Bonnie Lynn Fields, who danced and sang her way into pop-culture posterity as one of Walt Disney’s Mouseketeers, died Saturday in Richmond, Ind. She was 68.
Fields, a heavy smoker earlier in her life, was diagnosed with throat cancer about two years ago, according to her friend and former student Emily Kay Tillman.
The South Carolina native was 12 when she was offered a prized slot on “The Mickey Mouse Club,” the children’s variety show that launched the careers of Annette Funicello and others. Fields joined the cast for its third season in 1957-58 after an audition in Burbank that drew thousands of young performers.
Although she appeared most often in the show’s background chorus, she stood out as an agile dancer.
“Bonnie had a ballet line through everything she did. She was a lithe ballerina type. And she was light,” Lonnie Burr, a lead Mouseketeer through the original show’s first three years, recalled Monday.
In later decades Field’s career encompassed film and theater. She also ran dance studios, including the Lynn Fields School of Tap and Performing Arts in Santa Monica.
Fields’ given name was Bonita, but soon after joining the cast Disney himself asked her to change it because a two-syllable name harmonized better with those of the other Mouseketeers. Fields apparently didn’t mind and considered Disney “a doll.”
“She was a very sweet, good person. Dancing was her life,” said Lorraine Santoli, a former Disney publicist who worked with Fields for years.
Born in Walterboro, S.C., on July 18, 1944, Fields moved with her parents to Indiana when she was a few months old and began dance lessons at 2. When she was 9, the family moved to California, settling in Granada Hills. She told the Richmond (Ind.) Palladium-Item in 2006 that she was the second to last of 5,000 children who auditioned at a talent roundup for “The Mickey Mouse Club” when it was preparing for its third season.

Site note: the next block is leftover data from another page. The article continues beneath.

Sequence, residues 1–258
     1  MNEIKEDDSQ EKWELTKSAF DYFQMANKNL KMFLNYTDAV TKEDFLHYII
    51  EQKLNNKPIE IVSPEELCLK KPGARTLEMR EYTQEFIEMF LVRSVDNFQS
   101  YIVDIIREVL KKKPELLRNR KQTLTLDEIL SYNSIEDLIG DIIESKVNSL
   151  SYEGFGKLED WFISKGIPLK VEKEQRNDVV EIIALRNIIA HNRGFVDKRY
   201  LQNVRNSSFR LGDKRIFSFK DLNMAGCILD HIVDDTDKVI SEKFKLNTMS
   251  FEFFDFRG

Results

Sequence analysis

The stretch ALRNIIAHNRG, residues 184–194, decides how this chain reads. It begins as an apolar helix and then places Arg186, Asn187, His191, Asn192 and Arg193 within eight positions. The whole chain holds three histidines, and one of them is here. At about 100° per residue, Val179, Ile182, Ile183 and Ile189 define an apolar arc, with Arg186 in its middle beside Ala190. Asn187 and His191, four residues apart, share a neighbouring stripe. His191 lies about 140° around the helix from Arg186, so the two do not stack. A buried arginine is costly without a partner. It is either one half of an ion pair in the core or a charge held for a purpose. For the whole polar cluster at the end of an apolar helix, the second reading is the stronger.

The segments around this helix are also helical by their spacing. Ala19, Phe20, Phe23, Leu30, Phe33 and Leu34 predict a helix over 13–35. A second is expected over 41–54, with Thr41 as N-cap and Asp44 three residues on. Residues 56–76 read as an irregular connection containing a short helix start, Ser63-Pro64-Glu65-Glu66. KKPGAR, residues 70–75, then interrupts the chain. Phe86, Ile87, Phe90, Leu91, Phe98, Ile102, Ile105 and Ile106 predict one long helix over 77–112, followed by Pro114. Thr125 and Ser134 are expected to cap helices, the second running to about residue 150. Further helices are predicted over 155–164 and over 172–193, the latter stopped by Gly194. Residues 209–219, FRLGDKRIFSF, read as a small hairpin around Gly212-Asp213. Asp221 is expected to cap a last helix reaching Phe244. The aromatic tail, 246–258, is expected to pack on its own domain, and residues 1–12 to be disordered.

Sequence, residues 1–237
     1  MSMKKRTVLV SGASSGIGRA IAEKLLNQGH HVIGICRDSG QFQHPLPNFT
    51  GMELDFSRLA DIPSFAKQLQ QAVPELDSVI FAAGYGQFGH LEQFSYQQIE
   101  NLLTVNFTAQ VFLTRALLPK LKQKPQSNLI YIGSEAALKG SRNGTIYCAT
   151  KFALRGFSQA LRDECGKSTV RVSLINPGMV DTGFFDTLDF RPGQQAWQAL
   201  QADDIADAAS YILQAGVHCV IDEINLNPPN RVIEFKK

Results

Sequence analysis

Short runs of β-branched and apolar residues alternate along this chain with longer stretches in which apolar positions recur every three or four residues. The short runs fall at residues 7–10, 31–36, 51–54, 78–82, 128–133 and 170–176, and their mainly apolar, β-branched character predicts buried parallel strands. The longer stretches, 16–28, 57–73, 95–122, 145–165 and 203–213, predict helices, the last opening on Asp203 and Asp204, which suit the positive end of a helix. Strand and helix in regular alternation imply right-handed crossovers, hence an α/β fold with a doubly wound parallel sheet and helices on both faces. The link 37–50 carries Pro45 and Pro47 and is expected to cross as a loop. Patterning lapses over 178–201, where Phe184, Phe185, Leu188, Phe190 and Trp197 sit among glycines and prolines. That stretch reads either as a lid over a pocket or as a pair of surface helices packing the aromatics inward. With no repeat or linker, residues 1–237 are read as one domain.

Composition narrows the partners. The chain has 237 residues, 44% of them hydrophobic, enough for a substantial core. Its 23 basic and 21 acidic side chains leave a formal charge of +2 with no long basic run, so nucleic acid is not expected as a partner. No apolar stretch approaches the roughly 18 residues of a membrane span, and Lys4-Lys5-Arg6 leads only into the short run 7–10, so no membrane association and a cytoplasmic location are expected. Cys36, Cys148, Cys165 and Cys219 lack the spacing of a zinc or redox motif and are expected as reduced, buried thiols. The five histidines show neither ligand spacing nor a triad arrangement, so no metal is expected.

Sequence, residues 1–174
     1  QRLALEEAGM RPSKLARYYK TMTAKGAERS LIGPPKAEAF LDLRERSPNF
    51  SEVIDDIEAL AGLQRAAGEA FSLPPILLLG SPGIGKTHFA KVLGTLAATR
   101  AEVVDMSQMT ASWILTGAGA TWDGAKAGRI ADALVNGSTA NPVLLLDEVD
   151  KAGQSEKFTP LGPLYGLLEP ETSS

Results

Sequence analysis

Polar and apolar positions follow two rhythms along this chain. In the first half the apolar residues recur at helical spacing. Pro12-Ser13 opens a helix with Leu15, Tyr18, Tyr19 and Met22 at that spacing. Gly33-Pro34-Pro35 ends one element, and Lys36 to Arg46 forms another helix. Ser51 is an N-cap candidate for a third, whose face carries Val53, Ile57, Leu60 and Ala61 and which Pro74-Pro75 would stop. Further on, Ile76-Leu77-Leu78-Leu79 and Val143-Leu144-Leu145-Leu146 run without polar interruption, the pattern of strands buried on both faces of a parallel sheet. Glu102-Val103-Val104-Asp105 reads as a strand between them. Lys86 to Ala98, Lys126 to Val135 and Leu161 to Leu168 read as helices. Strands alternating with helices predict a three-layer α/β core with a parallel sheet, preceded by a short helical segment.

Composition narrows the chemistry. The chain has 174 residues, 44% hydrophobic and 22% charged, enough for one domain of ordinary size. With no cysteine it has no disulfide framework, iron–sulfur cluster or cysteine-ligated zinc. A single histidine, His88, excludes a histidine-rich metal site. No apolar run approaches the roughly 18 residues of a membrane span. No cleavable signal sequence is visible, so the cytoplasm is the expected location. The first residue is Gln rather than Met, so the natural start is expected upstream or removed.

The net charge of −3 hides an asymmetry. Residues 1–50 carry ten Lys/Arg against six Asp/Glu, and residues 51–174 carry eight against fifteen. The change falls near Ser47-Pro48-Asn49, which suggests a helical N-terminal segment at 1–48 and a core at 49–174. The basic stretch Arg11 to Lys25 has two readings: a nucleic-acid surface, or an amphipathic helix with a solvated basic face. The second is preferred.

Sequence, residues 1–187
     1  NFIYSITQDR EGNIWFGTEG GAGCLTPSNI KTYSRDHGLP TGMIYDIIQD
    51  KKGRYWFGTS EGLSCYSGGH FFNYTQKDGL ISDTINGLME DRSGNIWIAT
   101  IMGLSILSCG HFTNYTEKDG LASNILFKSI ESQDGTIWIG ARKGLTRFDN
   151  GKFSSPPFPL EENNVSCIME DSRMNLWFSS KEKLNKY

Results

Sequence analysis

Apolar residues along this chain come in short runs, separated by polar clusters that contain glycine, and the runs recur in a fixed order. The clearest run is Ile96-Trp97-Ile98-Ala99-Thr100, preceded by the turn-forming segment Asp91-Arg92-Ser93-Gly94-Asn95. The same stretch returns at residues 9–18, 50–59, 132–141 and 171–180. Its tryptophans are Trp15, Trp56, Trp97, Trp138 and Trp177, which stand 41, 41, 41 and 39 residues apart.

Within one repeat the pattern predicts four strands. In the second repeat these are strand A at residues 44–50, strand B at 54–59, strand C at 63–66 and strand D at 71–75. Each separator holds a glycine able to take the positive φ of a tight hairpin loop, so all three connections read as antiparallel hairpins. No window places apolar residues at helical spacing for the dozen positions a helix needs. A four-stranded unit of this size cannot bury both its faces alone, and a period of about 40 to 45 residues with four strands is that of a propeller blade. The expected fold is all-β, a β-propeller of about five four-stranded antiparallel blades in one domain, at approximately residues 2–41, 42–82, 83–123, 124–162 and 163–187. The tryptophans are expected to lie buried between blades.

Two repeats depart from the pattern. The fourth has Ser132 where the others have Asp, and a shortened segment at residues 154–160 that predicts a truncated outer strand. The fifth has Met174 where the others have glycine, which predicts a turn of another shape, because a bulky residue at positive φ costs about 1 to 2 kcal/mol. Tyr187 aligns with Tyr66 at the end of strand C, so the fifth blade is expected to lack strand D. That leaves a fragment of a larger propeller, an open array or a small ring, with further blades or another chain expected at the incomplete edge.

As a Mouseketeer, she followed an intense schedule which, she told the Indiana newspaper in 2006, consisted of “three hours of school, one hour of recreation, one hour for lunch and four hours on the set.” The cast’s activities were strictly monitored by a man she called “the stopwatch guy,” Ron Miller, who married Disney’s daughter Diane and worked his way up to president of his father-in-law’s company.
After leaving the “Mickey Mouse Club,” Fields performed in live shows at Disneyland and appeared in the TV serials “The New Adventures of Spin and Marty” starring Tim Considine, and “Annette,” which featured Funicello.
Performing as Lynn Fields, she appeared in a New York City Ballet production of the “Nutcracker Suite” at the Greek Theatre in Los Angeles. She also performed on Broadway in the mid-1960s in “Kelly” and “Half a Sixpence” and had small parts in the films “Sweet Charity,” “Bye Bye Birdie” and “Funny Girl.”
In 1980 she returned to Disneyland to take part in Mouseketeer reunion shows with Burr, Cubby O’Brien, Tommy Cole and Sharon Baird. She also appeared in a televised 25th anniversary show for the “Mickey Mouse Club.”
She had no immediate survivors.